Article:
In September 1985 a remarkable group of objects were uncovered by two workers at the Charlton gravel pit on the Shepperton Ranges. One of the workers, Mr. Joseph Jakubowski, rescued an axe-head and a Celtic sword from the bucket of the machinery and these finds were donated to the Museum by Tarmac Roadstone Ltd.
The late Bronze Age socketed axe head is cast in bronze and was a unique discovery as it is complete with its jointed wooden haft or handle. Axe heads are one of the most commonly found late Bronze Age artefacts, but prior to the discovery of this one it was thought that the handle were made from one piece of L-shaped wood. Indeed, other axe heads from this time have been found with wooden handle made from wood selected from a knarled tree-root or from the point where a branch joins the main trunk.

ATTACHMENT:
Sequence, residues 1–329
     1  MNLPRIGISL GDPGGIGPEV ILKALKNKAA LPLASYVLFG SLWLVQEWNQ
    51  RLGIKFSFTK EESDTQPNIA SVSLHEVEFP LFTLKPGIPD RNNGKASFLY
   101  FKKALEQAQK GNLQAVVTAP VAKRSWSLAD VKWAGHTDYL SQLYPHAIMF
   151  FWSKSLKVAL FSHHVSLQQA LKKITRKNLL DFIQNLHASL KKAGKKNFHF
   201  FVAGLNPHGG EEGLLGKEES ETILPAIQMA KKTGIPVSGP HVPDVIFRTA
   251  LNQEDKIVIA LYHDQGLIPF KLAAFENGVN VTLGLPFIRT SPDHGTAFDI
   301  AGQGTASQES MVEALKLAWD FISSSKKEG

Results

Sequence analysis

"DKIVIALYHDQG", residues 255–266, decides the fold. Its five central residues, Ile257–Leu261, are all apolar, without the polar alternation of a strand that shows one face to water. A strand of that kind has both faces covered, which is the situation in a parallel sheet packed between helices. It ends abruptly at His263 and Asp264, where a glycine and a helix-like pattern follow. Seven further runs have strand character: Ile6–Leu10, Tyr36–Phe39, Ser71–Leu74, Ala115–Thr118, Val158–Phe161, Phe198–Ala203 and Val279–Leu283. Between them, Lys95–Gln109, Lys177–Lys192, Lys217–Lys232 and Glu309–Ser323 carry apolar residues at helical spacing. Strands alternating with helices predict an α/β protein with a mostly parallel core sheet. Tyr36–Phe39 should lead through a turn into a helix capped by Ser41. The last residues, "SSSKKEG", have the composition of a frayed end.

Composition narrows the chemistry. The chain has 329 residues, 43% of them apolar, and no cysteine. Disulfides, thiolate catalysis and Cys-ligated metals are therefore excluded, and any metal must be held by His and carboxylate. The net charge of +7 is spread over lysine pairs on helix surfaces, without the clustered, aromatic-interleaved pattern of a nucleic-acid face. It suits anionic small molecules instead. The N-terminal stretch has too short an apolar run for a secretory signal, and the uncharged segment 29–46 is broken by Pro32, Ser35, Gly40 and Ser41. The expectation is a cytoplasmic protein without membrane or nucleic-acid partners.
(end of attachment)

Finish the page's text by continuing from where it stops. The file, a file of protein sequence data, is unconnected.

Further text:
The axe head is a type known as a Ewart Park, looped socketed axe head, and has a handle made up of two pieces: a horizontal haft made of oak to give the tool strength, and a vertical haft made of ash to give flexibility. It is not possible to date it precisely, but it is likely to be from c.800-600 BC.